Electronics > Microcontrollers

What's this 8051 clone?

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david.given:
I'm helping reverse engineer an incredibly cheap 8051 clone; it seems to show up in blobs in little Chinese audio toys like Buddha machines. What's interesting about it is that it's capable of executing code out of XRAM, and loads the bulk of its application payload from a 8-pin serial flash chip, making it trivial to reprogram.

After dumping the flash, it seems to use an extended 8051 instruction set. It's got DPTR autoincrement via a bit in SFR 86, but more interestingly, it's got what appear to be a bunch of 16-bit instructions using A5 as a prefix. The only one I can positively identify so far is A5 6x which is a 16-bit compare or subtract or xor:


--- Code: ---   CODE:2203 75 d0 00        MOV       PSW,#0x0
   CODE:2206 75 81 00        MOV       DAT_SFR_81,#0x0                                   = ??
   CODE:2209 75 87 02        MOV       DAT_SFR_87,#0x2                                   = ??
   CODE:220c e4              CLR       A
   CODE:220d 75 86 10        MOV       DAT_SFR_86,#0x10                                  = ??
   CODE:2210 90 11 00        MOV       DPTR,#0x1100
   CODE:2213 7a 00           MOV       R2,#0x0
   CODE:2215 7b 19           MOV       R3,#0x19
                         LAB_CODE_2217                                   XREF[1]:     CODE:2225(j) 
   CODE:2217 f0              MOVX      @DPTR=>DAT_EXTMEM_1100,A
   CODE:2218 f0              MOVX      @DPTR=>DAT_EXTMEM_1100,A
   CODE:2219 f0              MOVX      @DPTR=>DAT_EXTMEM_1100,A
   CODE:221a f0              MOVX      @DPTR=>DAT_EXTMEM_1100,A
   CODE:221b f0              MOVX      @DPTR=>DAT_EXTMEM_1100,A
   CODE:221c f0              MOVX      @DPTR=>DAT_EXTMEM_1100,A
   CODE:221d f0              MOVX      @DPTR=>DAT_EXTMEM_1100,A
   CODE:221e f0              MOVX      @DPTR=>DAT_EXTMEM_1100,A
   CODE:221f a8 82           MOV       R0,DPL
   CODE:2221 a9 83           MOV       R1,DPH
   CODE:2223 a5 61           CMP16     R0R1,R2R3
   CODE:2225 30 d1 ef        JNB       DAT_BITS_d1,LAB_CODE_2217                         = ??
   CODE:2228 75 86 00        MOV       DAT_SFR_86,#0x0                                   = ??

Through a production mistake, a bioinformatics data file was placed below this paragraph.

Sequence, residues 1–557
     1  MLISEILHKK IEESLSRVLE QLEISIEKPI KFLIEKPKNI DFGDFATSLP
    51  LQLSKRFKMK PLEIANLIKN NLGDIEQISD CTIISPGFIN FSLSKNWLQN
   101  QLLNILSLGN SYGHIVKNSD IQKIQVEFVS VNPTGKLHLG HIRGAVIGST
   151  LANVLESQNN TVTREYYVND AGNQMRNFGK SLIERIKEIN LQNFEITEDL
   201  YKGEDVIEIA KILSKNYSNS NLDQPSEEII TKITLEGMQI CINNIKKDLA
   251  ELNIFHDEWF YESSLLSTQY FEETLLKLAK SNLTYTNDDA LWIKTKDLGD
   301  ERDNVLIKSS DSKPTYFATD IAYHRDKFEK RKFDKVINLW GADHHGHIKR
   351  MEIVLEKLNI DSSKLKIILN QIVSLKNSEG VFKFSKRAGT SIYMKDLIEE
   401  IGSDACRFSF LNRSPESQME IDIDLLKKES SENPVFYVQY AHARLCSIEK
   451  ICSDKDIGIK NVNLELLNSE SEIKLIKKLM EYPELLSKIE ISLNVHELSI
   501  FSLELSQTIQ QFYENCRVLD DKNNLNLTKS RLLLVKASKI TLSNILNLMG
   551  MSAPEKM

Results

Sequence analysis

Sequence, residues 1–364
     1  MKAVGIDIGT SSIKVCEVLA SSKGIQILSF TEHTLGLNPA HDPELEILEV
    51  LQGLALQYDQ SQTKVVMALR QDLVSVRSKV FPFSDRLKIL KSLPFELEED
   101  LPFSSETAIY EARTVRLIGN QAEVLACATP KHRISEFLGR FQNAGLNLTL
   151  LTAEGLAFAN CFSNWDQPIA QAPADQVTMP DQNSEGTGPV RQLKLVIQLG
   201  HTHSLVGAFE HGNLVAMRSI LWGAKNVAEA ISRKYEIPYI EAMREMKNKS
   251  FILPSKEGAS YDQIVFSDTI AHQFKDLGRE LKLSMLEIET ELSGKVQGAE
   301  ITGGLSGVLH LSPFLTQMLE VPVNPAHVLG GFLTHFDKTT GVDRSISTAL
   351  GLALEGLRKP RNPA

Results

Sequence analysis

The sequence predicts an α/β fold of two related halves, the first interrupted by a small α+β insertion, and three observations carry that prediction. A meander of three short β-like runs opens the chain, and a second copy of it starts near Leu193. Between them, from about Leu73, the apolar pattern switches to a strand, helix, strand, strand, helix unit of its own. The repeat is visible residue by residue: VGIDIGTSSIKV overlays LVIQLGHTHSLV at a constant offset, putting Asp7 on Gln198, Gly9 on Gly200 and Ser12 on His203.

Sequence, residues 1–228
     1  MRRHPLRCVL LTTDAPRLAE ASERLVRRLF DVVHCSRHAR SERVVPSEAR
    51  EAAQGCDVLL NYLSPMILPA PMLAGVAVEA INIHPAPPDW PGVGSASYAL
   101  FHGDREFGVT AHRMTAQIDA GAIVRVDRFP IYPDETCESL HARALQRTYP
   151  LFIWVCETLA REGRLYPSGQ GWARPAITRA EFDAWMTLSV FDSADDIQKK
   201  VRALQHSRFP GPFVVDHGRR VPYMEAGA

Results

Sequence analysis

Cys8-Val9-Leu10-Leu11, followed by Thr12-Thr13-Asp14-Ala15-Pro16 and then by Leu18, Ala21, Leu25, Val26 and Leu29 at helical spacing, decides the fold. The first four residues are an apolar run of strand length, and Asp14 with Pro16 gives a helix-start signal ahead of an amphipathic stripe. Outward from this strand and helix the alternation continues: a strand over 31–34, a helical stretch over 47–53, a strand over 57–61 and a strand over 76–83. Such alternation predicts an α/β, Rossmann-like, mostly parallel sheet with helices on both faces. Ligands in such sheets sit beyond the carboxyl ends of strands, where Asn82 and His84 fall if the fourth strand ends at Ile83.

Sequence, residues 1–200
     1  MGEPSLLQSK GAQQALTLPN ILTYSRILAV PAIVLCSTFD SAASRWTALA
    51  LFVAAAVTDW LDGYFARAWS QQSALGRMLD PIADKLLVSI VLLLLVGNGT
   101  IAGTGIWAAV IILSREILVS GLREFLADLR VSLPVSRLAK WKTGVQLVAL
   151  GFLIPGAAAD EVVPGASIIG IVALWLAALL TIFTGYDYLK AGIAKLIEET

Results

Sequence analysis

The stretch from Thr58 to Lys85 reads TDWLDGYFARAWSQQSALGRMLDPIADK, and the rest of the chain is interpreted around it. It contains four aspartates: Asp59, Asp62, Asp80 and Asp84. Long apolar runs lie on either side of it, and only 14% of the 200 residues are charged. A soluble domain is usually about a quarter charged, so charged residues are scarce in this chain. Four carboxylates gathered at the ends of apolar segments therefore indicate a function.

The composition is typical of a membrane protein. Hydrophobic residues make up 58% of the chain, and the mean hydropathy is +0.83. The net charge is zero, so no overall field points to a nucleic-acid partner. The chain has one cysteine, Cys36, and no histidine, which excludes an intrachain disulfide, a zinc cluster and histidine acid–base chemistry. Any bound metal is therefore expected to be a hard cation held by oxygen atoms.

CODE:222b 02 22 00        LJMP      LAB_CODE_2200

--- End code ---

(The `CMP16` instruction is provisional. The registers are encoded in the last nibble.)

Does this look at all familiar to anyone? I'd love to know what this thing is actually called, and possibly lay my hands on a data sheet.

Thanks!

JoeyG:
are you sure it's code and not non volatile  data  stored in flash

voltsandjolts:
^^Yeh.

Maybe there is one block of ram loaded from serial flash, but at runtime some of that ram is mapped as code (psen access) and the rest as xram (data)?

david.given:
It definitely looks like code. There's an actual filesystem and everything, and the filename is 'code.app'. It looks like it loads the main payload at 0x1900 and then there are multiple overlays loaded at 0x2200, and the structure all looks valid. It looks like there's mask ROM up above 0x8000 that contains the init code and BIOS. This makes sense given the application, where you can use the same low-price COB for multiple different small-production-line toys, putting the actual application that's being run on the flash chip which you're going to have to customise anyway. I'll know more once I've had a chance to compare the flash chips from some different related-looking hardware.

I suspect that the way this is implemented is that they've just wired the program and xram buses together so there's a single, unified Von Neumann address space.

But the main bit I'm interested in is the instruction set. Has anyone seen anything similar to this before?

amyk:
80251?

You mention "Buddha machines", is this related in any way? https://www.eevblog.com/forum/chat/big-clive-reverse-engineering-challenge/

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